The supplemental material for this new release would be handled by the company Three-Legged Cat. Founded by Mark Rance who started producing special edition laserdiscs for Criterion back in the day, Three-Legged Cat moved onto creating extra feature material for New Line DVDs. Other examples of its outstanding extras material can be found on the releases of The Exorcist, The Sixth Sense, Unbreakable, Dancer In The Dark, Se7en, and Alex Proyas’ own Dark City.

Alex Proyas agreed to Mark Rance’s proposal to record a commentary track for The Crow in order to create a definitive version of the film on DVD. There was once catch: Proyas wanted full approval on all the supplementary material.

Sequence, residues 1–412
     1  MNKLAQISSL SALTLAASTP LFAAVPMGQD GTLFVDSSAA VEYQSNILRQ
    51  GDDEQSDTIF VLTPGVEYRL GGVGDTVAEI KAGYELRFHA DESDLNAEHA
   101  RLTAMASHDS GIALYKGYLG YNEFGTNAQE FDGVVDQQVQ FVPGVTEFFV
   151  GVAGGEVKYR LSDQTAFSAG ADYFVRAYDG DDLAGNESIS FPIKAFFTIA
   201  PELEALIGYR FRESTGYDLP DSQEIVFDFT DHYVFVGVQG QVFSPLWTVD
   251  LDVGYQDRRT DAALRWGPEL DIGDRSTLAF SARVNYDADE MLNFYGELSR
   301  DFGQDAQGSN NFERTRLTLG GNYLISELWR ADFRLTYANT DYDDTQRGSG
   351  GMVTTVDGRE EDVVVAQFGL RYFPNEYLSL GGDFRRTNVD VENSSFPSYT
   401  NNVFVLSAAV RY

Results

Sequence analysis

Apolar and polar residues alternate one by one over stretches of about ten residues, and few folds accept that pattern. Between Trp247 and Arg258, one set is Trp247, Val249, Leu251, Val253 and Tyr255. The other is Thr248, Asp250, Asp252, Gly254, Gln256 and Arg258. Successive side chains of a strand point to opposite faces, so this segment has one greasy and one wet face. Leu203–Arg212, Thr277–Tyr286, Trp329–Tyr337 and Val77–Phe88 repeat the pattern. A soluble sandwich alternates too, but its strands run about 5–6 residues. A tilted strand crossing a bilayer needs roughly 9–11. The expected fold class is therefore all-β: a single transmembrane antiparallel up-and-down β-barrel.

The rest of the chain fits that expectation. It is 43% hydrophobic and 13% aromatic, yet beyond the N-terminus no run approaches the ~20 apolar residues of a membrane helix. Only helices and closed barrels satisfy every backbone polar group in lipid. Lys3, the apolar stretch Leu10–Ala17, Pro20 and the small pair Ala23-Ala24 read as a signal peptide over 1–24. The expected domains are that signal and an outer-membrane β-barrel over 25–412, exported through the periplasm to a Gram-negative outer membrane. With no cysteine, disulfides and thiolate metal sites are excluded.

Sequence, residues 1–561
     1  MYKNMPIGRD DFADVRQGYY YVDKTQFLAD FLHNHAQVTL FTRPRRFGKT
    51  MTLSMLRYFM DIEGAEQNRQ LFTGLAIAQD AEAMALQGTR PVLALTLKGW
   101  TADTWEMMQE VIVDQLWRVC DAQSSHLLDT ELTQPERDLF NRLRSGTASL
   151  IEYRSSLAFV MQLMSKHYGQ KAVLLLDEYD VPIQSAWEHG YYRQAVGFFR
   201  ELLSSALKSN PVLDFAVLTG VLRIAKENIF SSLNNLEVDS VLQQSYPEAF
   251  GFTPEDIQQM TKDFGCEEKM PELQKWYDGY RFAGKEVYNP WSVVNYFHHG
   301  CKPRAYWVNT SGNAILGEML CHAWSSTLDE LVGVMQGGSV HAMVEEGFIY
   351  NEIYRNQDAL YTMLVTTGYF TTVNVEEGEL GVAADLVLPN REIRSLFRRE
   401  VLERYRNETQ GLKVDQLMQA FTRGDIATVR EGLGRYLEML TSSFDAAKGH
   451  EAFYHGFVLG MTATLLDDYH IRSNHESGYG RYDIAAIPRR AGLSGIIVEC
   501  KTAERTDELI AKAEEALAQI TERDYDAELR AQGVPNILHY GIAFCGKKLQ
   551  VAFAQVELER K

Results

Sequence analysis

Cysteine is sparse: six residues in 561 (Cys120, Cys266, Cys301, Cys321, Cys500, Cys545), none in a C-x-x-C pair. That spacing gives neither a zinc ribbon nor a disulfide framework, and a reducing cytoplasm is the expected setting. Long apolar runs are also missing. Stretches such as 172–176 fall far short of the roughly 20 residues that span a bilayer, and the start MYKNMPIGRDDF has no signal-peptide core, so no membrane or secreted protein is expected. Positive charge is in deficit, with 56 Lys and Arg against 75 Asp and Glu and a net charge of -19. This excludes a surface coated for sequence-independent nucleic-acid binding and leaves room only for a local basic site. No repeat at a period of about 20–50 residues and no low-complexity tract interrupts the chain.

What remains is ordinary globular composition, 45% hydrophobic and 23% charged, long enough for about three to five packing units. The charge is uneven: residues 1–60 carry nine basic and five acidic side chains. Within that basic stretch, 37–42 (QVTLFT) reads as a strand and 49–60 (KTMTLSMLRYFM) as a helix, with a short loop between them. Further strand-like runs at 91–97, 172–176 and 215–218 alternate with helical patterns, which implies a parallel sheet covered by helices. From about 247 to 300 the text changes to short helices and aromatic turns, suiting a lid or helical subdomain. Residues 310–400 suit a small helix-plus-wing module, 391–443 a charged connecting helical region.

Miramax agreed and a new commentary track was duly recorded. This track was later expanded to also include participation from cinematographer Dariusz Wolski, production designer Alex McDowell, art director Simon Murton, and screenplay writer David Schow.

The footage shot for the electronic press kit during principal photography in 1993 was unearthed and re-edited to include Proyas, Schow, and most of the actors, including Brandon Lee. What began as the EPK was polished into a 22-minute documentary charting the movie’s development and production. It promised to be a must-watch for fans of the film.

Furthermore, previous VHS, laserdisc and DVD releases had included ‘Brandon Lee’s Last Interview’ as a special feature. This interview was now interpolated into the featurette, to be seen in the context originally intended in 1993. Mark Rance approached David Schow about any previously-unseen photographs to use in the gallery section of the DVD. Schow had hundreds of images that he had taken personally during production and offered them up.